As I work on patches for the Zoom G3 (now in version 2; see our Zoom G3 page), I’m constantly comparing what I hear to the sounds I get from my Digitech RP355. In fact, I have the two boxes side by side on the floor with an A/B pedal connecting them. Here are a few of the things I’ve learned from direct comparisons.
Don’t Replace Your RP
I like to start with the bottom line, so here it is: if you’re running an RP with one of my patch sets in it, I do NOT recommend that you run out and replace it with a Zoom G3 (unless you need something that runs on batteries, which the RP doesn’t). What the Zoom does isn’t new and different (or better) enough to justify starting over. Further, if your budget is strictly limited, you get more for your money from the Digitech line. The starting price point for a G3 (new) is about $160-170; for an RP, it’s under $100, and that $100 buys you a smaller set of the same amp models and FX you find in the higher-end RPs. In fact, I’d go so far as to say that in the $200-and under price range, and ESPECIALLY in the $150-and-under range, the Digitech RPs are absolutely the best value for money right now. (But I may change my mind as I get closer to the G3.)
Amp Models: Thumbs Up x2
Both the Zoom and the Digitech RPs make some interesting sounds. Both do basic amped-up sounds well, and applying the lessons I learned in programming the RPs has made it possible for me to move quickly where programming amps on the Zoom is concerned. The G3 has four Fender amp and cabinet models, and that’s where I started. All of them work with harp, some more to my taste than others. In my opinion the modulation FX in the Digitech RPs (detune, flange, chorus, pitch shifting, vibrato, tremolo, etc.), especially the pitch-based ones, sound better (meaning bigger and clearer) than the ones in the Zoom–and the G3 doesn’t have ANY rotary speaker effect! (The vibrato is nice, but a rotary effect is REALLY nice.)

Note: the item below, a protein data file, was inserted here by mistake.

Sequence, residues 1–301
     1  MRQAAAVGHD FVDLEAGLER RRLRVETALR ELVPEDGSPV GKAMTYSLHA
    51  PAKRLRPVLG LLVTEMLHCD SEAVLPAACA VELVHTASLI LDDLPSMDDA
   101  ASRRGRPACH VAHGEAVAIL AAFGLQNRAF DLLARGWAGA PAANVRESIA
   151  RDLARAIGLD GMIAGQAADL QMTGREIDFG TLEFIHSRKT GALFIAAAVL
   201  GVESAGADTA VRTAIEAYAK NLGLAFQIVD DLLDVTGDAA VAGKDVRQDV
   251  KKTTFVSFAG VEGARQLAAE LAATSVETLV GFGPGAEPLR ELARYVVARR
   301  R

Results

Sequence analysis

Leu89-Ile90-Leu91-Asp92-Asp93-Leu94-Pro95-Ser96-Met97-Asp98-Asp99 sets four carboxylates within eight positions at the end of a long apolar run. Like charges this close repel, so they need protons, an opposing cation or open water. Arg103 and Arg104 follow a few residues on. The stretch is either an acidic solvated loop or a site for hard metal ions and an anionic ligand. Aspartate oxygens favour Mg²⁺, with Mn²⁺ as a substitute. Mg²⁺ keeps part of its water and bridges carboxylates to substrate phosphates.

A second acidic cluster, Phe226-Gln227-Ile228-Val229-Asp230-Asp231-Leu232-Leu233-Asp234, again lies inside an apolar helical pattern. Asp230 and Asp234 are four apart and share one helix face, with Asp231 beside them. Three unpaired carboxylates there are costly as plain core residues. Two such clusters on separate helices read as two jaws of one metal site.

Zoom Gets Points on Performance Flexibility
The Zoom gets big points for letting you load the FX in any order you like and turn them off and on with dedicated footswitches. That’s a cool way to make and modify super-freaky tones (though most of my customers don’t use a lot of super-freaky tones). In performance it’s great for making deep, rapid changes in tones on a single patch, which is useful when you’re looping, for example.
One substantial point in favor of the G3 is that it will run on batteries, which makes it a very useful device for all sorts of situations where setup time is short and/or wall power is unavailable. I think many players will find that a G3 represents better value for money than a Tech 21 Blonde pedal, which sells for about the same price but doesn’t include any FX other than amp modeling. Of course a Zoom will require a longer learning curve for the user than the Blonde will, but that’s the difference between a multi-FX box and a single effect.
Summary: 2 Nice Pieces o’Kit
I don’t hear a difference in the quality of the amped tones the Zoom produces compared to the Digitech RP–they both sound very good, which is what you’d expect for 4th-generation chip-driven products. There are things you can do with a G3 that you can’t do with a Digitech. The reverse is also true: you don’t get a rotary speaker effect with a Zoom at less than $300, and the reverbs in even the least expensive RPs just slay the Zoom’s. I suspect that most users who want a handful of good basic sounds with (at most) reverb and delay would find that their choice would depend more on the feel of playing the device than anything else, because that’s where the biggest differences between the Zoom and the RPs lie. For players who push the devices to their limits, there’s likely to be one or two FX in one or the other box that makes the difference. The first time I played through an RP’s pitch shifter, I picked the thing right off the floor and took it to the checkout counter. I haven’t had that experience with the Zoom yet, but I haven’t had time to run through everything in it either.
That said, I like the G3’s basic sound and battery-based operation, and I like giving customers a choice, so I’m working on patches. Stay tuned.